Cariboo Chilcotin Invasive Plant Committee | CCCIPC

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Wild Caraway

Carum carvi

Wild caraway (Carum carvi) is a biennial plant that invades pastures, rangeland and natural areas and is identified by white groups of flowers at the top of several erect, branched stems that grows 60-90 cm tall. Alternate leaves are very finely divided and 'carrot-like.' Flowers are hermaphroditic and therefore self-fertile, and this plant is difficult to detect when not in flower. It develops a parsnip-like taproot with a black skin and white core.

Native to Eurasia, wild caraway entered Canada as a spice crop (used in rye breads and some liquors) but has escaped cultivation. Though edible, it is not utilized by livestock and can quickly displace nearby vegetation where infestations go uncontrolled. Infestations in forage crops have led to weed seed dispersal in baled hay.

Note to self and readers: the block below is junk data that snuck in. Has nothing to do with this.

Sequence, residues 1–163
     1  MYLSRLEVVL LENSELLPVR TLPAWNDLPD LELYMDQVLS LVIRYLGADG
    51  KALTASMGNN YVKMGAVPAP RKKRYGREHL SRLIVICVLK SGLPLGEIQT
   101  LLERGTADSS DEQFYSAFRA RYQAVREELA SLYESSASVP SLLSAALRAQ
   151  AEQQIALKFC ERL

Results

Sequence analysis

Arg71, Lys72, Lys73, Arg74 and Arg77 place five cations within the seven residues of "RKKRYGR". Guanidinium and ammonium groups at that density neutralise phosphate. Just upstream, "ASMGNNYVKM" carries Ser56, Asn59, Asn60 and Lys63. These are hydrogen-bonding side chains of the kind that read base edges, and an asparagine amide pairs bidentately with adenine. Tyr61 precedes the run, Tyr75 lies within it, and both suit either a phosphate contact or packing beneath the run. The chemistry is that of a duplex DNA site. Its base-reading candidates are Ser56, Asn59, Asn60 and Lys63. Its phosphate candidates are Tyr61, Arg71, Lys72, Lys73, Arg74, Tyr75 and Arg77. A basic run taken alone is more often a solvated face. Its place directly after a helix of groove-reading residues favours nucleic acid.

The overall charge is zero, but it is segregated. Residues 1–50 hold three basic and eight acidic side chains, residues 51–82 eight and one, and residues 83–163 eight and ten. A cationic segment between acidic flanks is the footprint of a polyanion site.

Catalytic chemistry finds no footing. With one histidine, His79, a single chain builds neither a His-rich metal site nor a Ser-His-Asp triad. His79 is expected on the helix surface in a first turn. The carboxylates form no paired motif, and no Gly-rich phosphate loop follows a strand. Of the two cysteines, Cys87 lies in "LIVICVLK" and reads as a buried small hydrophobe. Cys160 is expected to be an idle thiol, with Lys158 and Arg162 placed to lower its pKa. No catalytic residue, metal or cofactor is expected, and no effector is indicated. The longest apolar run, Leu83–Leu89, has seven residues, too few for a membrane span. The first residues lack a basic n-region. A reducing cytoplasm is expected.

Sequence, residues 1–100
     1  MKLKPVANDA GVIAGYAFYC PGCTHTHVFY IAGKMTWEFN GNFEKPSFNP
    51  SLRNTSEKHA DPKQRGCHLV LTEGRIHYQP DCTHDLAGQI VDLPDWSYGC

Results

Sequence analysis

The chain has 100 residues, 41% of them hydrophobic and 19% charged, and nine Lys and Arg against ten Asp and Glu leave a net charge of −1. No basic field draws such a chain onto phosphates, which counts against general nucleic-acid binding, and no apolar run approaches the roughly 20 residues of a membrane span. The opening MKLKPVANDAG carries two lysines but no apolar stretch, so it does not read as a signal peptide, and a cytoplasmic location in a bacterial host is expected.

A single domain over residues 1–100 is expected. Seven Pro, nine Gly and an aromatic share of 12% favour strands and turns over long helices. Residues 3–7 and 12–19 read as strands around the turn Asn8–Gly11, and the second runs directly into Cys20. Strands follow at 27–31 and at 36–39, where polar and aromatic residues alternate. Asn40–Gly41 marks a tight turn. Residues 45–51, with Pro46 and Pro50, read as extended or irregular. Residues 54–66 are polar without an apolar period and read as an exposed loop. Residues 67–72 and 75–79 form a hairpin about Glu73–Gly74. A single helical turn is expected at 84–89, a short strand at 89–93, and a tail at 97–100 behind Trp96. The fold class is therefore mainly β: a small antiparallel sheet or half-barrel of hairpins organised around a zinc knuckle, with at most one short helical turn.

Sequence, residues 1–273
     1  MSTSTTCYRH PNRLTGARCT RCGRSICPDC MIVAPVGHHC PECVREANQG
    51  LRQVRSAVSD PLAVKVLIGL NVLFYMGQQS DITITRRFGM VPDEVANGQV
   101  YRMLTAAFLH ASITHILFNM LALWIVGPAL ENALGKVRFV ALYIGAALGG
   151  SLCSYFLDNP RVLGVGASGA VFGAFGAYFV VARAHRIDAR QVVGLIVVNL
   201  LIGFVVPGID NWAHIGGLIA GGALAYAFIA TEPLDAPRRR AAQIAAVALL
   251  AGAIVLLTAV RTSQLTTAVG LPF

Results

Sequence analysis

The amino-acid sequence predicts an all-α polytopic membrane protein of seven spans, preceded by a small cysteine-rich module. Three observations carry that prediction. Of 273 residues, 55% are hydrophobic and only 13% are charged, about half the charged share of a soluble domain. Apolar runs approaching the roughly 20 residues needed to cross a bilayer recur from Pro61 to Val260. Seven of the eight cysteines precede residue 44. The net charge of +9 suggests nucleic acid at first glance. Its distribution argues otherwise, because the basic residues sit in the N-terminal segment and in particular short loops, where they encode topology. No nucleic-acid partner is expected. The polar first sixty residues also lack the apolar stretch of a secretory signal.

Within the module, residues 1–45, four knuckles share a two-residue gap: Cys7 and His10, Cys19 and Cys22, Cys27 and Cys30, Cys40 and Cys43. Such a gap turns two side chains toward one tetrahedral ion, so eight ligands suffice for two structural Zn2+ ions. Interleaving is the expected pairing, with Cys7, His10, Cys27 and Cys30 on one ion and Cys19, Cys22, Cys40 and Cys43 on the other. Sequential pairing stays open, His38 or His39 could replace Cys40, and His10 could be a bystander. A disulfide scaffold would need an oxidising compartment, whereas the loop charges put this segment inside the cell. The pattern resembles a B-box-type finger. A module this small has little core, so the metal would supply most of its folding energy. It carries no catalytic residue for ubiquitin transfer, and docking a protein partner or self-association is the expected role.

Wild caraway succeeds under forest canopy but not in complete shade, and can survive a light frost or extra moisture in the soil. 

Control wild caraway with repeated hand-pulling before seed-set. Seeds can scatter easily, so use a plastic bag to carefully place over mature plants and dispose at a landfill or thoroughly burned. Several years' of monitoring and removal is required to deplete the seed bank. Note that repeated mowing of wild caraway is not effective, as plants re-bloom below cutting height.